The Gulf of Mexico
, where the 2010 Deepwater Horizon oil spill spoiled habitats and livelihoods, is not the only place where BP Products North America, Inc., has been faulted for its cavalier approach to business. Now, Baltimore's own Curtis Bay is also part of BP's legacy of industrial haphazardness-and a catalyst for forcing the company to do better.
The oil giant's Curtis Bay terminal, which has been in operation since 1945, is a quarter-mile from Curtis Creek. Its above-ground tanks have the capacity to store nearly 22 million gallons of oil-a potentially huge environmental and public-health problem, should leaks occur. To handle such a possibility, the federal Clean Water Act requires facilities to have a response plan, and be prepared to kick it into gear on a moment's notice. In two exercises conducted by the U.S. Environmental Protection Agency in 2005, BP completely failed to demonstrate it could quickly and effectively respond to a spill.
Now it's seven years later, and BP is finally being held to account for these failures. On Sept. 27 in U.S. District Court in Maryland, a "consent decree" involving BP, EPA, and the U.S. Department of Justice, was filed that intends to make the oil company fly right when it comes to the Clean Water Act's requirements for spill preparedness. The agreement, which is accompanied by a $210,000 penalty, puts in place a court-mandated plan that BP will fix matters not only in Curtis Bay, but at all of its U.S. oil-storage facilities.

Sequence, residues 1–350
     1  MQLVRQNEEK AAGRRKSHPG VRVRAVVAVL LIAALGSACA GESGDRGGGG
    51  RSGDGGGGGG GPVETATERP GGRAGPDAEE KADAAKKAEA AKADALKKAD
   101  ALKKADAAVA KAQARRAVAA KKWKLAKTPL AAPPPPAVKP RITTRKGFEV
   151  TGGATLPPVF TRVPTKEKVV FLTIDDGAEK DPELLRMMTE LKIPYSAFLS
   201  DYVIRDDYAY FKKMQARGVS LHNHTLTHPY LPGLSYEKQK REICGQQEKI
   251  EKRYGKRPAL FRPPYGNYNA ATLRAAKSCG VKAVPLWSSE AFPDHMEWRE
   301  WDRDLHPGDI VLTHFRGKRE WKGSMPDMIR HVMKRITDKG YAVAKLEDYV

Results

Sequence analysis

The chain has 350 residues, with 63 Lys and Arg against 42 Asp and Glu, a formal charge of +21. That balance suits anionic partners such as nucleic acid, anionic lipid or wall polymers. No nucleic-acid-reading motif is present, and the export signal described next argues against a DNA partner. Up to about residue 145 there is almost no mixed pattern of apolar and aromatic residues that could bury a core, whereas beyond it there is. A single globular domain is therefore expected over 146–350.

"After twice failing to pass oil spill response exercises at its Curtis Bay facility," EPA official Cynthia Giles writes in a public statement about the consent decree, "BP is required to put preventative measures into place at all of its terminals nationwide that will reduce the threat of oil spills and protect our nation's valuable waterways."